Are you breathing properly?
It goes without saying that breathing is pretty important for survival. Why do we breathe? Because breathing is what allows oxygen to enter the body and removes waste products like carbon dioxide. Every single tiny cell in your body needs oxygen to survive. Digesting food, moving your muscles, or even being able to think requires oxygen. Fortunately breathing is an automatic function within us that doesn’t require much thought. We do it when we sleep, when we’re awake and the brain is constantly sending messages to the muscles involved in breathing to adjust our breathing rates depending on what we’re doing at the time.
At rest, breathing out is mostly a passive process. The muscles we use to breathe in relax and our lungs push air out. We’re often not conscious of our breathing at rest because it is comfortable and requires very little effort. When we exercise or increase our activity levels, the body needs oxygen more quickly so our breathing rate increases. Breathing out becomes a less passive process as we now have to recruit more abdominal muscles to help us exhale quick enough to keep up with the oxygen demand in the body.
The diaphragm is the main muscle we use during breathing. It is a dome shaped muscle that sits just below the lungs and continuously contracts and relaxes as we breathe in and out.
When we breathe in, the muscle contracts and the dome-like shape of the muscle flattens out. This creates a vacuum effect which pulls air into the lungs. When we breathe out, the muscle relaxes back into its dome shape again and pushes air back out of the lungs.
Using the diaphragm properly when we breathe has lots of health benefits. It helps to lower blood pressure, improves digestion and helps to reduce stress and anxiety levels (which is why people who are having panic attacks are told to take deep breaths to calm down).
Lots of us live with high stress levels (even more so now given the current Covid-19 crisis). High stress levels leads to high levels of cortisol (our stress hormone) circulating in our blood stream. Our rib cage and breathing mechanics suffer. When we are stressed, we tend to breathe more shallowly so we don’t use the diaphragm properly and we miss out on all the great benefits of diaphragm breathing, plus we use far too much energy keeping the body functioning properly which means further down the line, this can lead to chronic fatigue and various musculoskeletal aches and pains.
Diaphragmatic breathing exercise
The good news is that the diaphragm is a muscle, and therefore is capable of being strengthened. Abdominal breathing is the best way to do this. It involves inhaling deeply and slowly through the nose so that that the lungs fill with air as your belly expands.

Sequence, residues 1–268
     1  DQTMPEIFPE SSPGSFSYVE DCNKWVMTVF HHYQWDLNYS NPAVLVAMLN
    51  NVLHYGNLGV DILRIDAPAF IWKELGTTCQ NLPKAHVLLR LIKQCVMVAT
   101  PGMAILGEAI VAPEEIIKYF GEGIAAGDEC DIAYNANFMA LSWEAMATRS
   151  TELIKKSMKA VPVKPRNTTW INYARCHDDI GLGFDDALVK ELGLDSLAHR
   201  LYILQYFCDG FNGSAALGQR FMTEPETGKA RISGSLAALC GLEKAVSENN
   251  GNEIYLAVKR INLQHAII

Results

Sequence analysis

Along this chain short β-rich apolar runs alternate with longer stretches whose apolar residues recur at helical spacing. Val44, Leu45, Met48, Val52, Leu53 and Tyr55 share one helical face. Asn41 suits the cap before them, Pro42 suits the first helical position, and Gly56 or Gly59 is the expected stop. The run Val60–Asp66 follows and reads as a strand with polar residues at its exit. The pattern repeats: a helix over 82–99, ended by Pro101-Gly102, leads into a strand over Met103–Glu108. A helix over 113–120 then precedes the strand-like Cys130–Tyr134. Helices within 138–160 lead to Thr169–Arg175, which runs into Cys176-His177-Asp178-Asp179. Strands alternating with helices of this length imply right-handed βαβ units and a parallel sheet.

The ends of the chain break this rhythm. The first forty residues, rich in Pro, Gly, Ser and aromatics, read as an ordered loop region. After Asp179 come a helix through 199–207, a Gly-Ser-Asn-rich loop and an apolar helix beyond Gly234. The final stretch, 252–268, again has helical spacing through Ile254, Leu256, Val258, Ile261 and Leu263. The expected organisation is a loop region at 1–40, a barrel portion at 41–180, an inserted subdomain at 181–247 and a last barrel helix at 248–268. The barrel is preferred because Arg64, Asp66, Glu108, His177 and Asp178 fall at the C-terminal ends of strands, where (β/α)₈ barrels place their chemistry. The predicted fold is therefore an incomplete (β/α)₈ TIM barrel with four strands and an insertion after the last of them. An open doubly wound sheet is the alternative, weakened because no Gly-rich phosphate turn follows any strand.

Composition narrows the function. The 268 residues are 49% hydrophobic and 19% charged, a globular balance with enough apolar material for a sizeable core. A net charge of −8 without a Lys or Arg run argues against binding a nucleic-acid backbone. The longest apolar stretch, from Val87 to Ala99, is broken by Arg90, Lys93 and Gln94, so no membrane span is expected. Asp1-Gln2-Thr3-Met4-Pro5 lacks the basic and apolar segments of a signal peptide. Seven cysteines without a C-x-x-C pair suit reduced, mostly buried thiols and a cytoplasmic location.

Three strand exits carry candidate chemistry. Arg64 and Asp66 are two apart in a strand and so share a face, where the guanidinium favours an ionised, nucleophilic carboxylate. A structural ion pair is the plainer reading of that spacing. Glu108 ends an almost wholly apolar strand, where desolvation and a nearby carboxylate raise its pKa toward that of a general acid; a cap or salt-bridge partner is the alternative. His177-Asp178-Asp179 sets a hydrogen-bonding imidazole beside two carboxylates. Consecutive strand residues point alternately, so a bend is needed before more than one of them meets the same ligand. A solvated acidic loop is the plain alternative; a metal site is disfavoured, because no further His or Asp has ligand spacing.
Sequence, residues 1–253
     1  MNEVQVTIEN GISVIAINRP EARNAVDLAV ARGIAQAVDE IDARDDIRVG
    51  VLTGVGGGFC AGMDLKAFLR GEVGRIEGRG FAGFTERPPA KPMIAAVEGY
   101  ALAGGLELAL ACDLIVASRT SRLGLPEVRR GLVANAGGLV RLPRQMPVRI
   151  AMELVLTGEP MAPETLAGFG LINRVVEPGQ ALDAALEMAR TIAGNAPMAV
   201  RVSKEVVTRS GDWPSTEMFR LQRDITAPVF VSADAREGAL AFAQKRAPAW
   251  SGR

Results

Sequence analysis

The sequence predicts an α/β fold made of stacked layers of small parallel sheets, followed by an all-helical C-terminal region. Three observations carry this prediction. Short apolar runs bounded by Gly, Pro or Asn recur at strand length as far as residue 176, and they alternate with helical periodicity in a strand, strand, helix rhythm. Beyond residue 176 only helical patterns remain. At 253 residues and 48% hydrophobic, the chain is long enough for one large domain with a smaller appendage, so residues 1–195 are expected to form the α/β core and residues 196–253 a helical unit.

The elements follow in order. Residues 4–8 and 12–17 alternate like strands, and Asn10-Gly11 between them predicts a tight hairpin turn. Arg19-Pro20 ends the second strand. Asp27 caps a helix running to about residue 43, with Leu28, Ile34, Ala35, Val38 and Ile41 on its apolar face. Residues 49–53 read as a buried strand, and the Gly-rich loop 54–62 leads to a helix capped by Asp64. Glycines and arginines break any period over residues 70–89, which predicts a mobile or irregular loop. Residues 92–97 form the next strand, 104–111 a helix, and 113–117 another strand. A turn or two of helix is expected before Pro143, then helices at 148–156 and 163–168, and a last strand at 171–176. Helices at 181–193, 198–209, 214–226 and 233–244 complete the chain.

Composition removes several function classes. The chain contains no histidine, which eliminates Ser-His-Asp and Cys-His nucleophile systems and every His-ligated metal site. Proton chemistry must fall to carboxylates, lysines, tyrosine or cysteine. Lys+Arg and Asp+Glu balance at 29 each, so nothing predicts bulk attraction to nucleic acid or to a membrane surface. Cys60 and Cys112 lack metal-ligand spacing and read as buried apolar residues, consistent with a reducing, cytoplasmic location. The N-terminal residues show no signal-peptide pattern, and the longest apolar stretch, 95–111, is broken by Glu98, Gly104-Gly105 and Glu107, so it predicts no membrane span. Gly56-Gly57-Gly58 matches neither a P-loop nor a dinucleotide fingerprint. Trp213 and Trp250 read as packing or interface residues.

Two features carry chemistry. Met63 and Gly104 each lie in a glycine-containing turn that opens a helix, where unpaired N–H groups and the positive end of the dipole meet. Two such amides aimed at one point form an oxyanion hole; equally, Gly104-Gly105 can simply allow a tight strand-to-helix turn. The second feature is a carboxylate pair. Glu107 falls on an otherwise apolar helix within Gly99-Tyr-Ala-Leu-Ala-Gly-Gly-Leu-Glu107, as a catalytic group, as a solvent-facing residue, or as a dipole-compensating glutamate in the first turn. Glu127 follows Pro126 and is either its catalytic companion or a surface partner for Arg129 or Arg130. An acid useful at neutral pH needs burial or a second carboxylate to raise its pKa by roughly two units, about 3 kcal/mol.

Learning to improve diaphragm function is easy enough with this very simple exercise:
(You can practice this sitting or lying down, whichever is more comfortable for you). Your goal is to breathe into your belly and not your chest.
Place one hand on your chest and one hand on your abdomen. You can choose to close your eyes if you wish.
Take a deep breath in. Visualise breathing into your belly. Focus your breath on inflating your abdomen. You’ll be able to feel whether this is happening by how much you can feel your abdomen pushing into your hand resting on your belly. The hand on your chest should hardly be moving at all when you breathe in.
If you can feel your belly inflating when you breathe in, you have successfully recruited your diaphragm.
Practice taking a few deep breaths like this for a couple of minutes every day. Notice how it makes you feel. Does it calm your mind? Does it make your tummy gurgle? (This is a good sign – it means your diaphragm is helping your digestion). Do you feel more relaxed?
The current Covid-19 crisis has caused many of us to change the way we currently live our day to day lives and stress levels will be much higher than normal as we face these uncertain times. Learning how to cope with these stresses is hard but sometimes it just takes the smallest of steps to make a difference. So I encourage you to take a few minutes out of your day to try this breathing exercise.
If you have any questions, please don’t hesitate to contact me. Amongst everything that is going on, please remember to look after yourself, stay safe and support one another.